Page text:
opposed him. 

It’s amazing how the religious world has always opposed grace. Jesus dealt
with it when He showed grace to people. The Apostle Paul dealt with it when
he taught pure grace to the Galatians. Across the ages, those who find their
value in their own religious performance have hated grace. They hate it
because they’re afraid. 

They’re scared that grace might be abused— that people might take it too far
and go sin-crazy. They’re afraid that people might stop doing the things at
the church that make “the wheels of the bus go ‘round and ‘round.” They’re
fearful that, if it’s true, they will have wasted their lives desperately
trying to succeed in a system (legalism) that they now would discover isn’t
even the right playing field. 

What’s the answer for those who know and love the grace of God? Love the
legalist and boldly proclaim the truth. I was a hardcore legalist for the
first 29 years of my Christian life. I loved Jesus. I wanted to make a
lasting spiritual difference in this world. I’ve often said that my problem
wasn’t a heart problem. It was a head problem. I just didn’t understand
grace for Christian living. Thank God, in 1990, all that began to change.
Life has never been the same since. 

We live in exciting times. The world has never been more vulnerable to
destruction and disaster. That type of environment is ripe for the
revolution of grace to gain momentum at an incredible rate. People are
willing to listen when they think that life, as they know it, may change for
the worst. Ahmadinejad, $4.00 a gallon gas, Iraq, Afghanistan, McCain vs.
Obama, real estate bubble burst —the list of reasons why our future could
radically change could go on and on. 

God’s prophets have always shown up in the face of impending disaster. That
is happening now. He is raising up a host of grace prophets who are ready to
take a stand and proclaim His grace in their towns. They are doing it in
their churches, on their jobs, in their homes through Grace Walk Groups.
They have a fire in their souls to share this message. They want to be
revolutionaries of righteousness. 

The time is now. Will you stand with us in proclaiming the grace of God? As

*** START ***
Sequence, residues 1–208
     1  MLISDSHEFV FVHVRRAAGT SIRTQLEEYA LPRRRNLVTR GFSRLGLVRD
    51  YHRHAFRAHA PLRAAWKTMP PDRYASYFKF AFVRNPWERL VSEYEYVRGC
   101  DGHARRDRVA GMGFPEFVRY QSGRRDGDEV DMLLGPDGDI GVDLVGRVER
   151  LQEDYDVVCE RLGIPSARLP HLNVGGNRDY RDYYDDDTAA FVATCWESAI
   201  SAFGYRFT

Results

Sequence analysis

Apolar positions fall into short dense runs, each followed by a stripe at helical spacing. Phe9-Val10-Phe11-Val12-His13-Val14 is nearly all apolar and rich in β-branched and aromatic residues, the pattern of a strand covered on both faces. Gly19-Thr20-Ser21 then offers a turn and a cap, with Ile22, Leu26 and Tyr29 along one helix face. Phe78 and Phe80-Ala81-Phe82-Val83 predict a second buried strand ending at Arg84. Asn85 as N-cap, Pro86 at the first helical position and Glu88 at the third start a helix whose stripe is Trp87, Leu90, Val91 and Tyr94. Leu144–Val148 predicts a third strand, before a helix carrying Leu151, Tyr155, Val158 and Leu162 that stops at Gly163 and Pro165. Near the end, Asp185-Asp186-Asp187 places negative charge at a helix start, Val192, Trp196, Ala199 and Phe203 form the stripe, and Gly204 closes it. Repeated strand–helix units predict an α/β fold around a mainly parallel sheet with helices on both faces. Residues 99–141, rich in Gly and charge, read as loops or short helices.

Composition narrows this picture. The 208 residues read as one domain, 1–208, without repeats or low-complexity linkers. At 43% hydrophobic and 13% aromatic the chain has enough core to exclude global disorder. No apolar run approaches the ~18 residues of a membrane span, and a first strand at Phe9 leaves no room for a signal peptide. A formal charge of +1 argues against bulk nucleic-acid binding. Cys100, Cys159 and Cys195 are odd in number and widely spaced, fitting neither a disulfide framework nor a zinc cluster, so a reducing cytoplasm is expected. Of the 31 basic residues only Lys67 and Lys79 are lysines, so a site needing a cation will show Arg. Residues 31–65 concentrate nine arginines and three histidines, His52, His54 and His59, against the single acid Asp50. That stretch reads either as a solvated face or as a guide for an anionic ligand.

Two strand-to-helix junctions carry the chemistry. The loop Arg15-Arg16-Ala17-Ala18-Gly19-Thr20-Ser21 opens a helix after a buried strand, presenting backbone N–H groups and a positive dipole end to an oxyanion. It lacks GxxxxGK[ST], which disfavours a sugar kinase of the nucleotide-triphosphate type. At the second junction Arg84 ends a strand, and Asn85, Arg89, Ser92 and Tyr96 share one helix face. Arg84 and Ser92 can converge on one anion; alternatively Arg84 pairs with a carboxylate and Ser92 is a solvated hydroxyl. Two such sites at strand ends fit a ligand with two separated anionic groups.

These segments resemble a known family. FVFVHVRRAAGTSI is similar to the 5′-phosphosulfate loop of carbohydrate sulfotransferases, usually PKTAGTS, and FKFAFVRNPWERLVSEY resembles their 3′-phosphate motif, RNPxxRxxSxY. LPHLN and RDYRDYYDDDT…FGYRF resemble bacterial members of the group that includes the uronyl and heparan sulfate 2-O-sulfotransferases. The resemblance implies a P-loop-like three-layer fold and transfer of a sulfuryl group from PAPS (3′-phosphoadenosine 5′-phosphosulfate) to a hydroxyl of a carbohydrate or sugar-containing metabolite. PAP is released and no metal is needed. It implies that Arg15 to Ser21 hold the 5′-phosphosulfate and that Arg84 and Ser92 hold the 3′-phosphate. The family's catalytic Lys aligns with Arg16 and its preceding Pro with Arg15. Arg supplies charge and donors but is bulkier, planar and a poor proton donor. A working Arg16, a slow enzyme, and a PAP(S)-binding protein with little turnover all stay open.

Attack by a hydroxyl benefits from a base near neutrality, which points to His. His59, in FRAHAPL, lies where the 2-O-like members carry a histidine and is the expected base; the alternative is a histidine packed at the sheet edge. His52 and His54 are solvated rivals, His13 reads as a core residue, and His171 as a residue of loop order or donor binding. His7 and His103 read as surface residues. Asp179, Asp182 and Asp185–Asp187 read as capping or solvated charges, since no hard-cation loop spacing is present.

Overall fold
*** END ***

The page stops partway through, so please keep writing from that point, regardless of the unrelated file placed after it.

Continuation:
you read the articles in this issue of The Grace Vine, you will see ways you
can make a difference. Do it. The time is now. We've compromised the gospel
long enough. God is doing something big in the arena of grace. Don’t stand
on the sidelines. Take your part in writing history—His story—as we spread
the message of the grace walk everywhere.
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Re: THE MASTERS LIST Dean W. Masters

Post  Admin on Sat 11 Jan 2014, 10:49 pm

God's Complete Control
by Charles R. Swindoll
God is our refuge and strength,
A very present help in trouble.
Therefore we will not fear, though the earth should change
And though the mountains slip into the heart of the sea;
Though its waters roar and foam,
Though the mountains quake at its swelling pride. Selah. . . .
The LORD of hosts is with us;
The God of Jacob is our stronghold. Selah. . . .
"Cease striving and know that I am God."
---Psalm 46:1-3, 7, 10

Quiet our hearts, dear Father, and in so doing, remind us that You are 
sovereign--- not almost sovereign but altogether sovereign. Nothing occurs in 
our
lives that has not been masterfully planned and put together by You, our 
eternal God. Help us to enter into the truth of Psalm 46:10 personally and 
consistently.
May that result in being still, enabling us to discover that You are God. As 
we cast our cares upon You, knowing You care for us, release our stress.

We entrust our concerns to You today . . . large and small, new and nagging. 
We long to experience peace-filled living by stepping off this treadmill 
called
pressurized living. We pray that Your mighty presence would take the place 
of the stress, the demands, the struggles, the mess we've created. We ask 
that
You would give us Your shalom---Your peace---like we've never known it 
before. We deliberately choose to trust You and to rest in You.

In the name of Jesus. Amen.

See also Psalm 34:4; Proverbs 16:3; Jeremiah 17:7; Philippians 4:19.

Excerpted from
The Prayers of Charles R. Swindoll, Volume 2,